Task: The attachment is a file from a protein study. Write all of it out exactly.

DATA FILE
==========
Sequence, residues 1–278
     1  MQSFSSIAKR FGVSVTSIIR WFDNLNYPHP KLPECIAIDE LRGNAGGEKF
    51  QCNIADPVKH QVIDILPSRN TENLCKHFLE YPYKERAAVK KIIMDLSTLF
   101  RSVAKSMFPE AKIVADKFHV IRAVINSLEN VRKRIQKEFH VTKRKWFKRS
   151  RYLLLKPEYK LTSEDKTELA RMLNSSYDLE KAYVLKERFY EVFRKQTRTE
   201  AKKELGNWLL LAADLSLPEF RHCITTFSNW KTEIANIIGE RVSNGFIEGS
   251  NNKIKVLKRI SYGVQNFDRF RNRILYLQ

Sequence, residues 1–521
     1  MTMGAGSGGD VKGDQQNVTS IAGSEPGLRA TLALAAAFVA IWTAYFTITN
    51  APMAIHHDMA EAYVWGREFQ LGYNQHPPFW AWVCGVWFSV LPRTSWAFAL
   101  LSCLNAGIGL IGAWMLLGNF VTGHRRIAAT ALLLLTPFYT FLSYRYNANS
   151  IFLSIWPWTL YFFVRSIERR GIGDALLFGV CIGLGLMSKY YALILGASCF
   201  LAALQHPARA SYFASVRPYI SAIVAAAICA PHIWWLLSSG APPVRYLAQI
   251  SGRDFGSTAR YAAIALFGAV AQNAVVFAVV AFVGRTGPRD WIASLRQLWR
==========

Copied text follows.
Sequence, residues 1–278
     1  MQSFSSIAKR FGVSVTSIIR WFDNLNYPHP KLPECIAIDE LRGNAGGEKF
    51  QCNIADPVKH QVIDILPSRN TENLCKHFLE YPYKERAAVK KIIMDLSTLF
   101  RSVAKSMFPE AKIVADKFHV IRAVINSLEN VRKRIQKEFH VTKRKWFKRS
   151  RYLLLKPEYK LTSEDKTELA RMLNSSYDLE KAYVLKERFY EVFRKQTRTE
   201  AKKELGNWLL LAADLSLPEF RHCITTFSNW KTEIANIIGE RVSNGFIEGS
   251  NNKIKVLKRI SYGVQNFDRF RNRILYLQ

Sequence, residues 1–521
     1  MTMGAGSGGD VKGDQQNVTS IAGSEPGLRA TLALAAAFVA IWTAYFTITN
    51  APMAIHHDMA EAYVWGREFQ LGYNQHPPFW AWVCGVWFSV LPRTSWAFAL
   101  LSCLNAGIGL IGAWMLLGNF VTGHRRIAAT ALLLLTPFYT FLSYRYNANS
   151  IFLSIWPWTL YFFVRSIERR GIGDALLFGV CIGLGLMSKY YALILGASCF
   201  LAALQHPARA SYFASVRPYI SAIVAAAICA PHIWWLLSSG APPVRYLAQI
   251  SGRDFGSTAR YAAIALFGAV AQNAVVFAVV AFVGRTGPRD WIASLRQLWR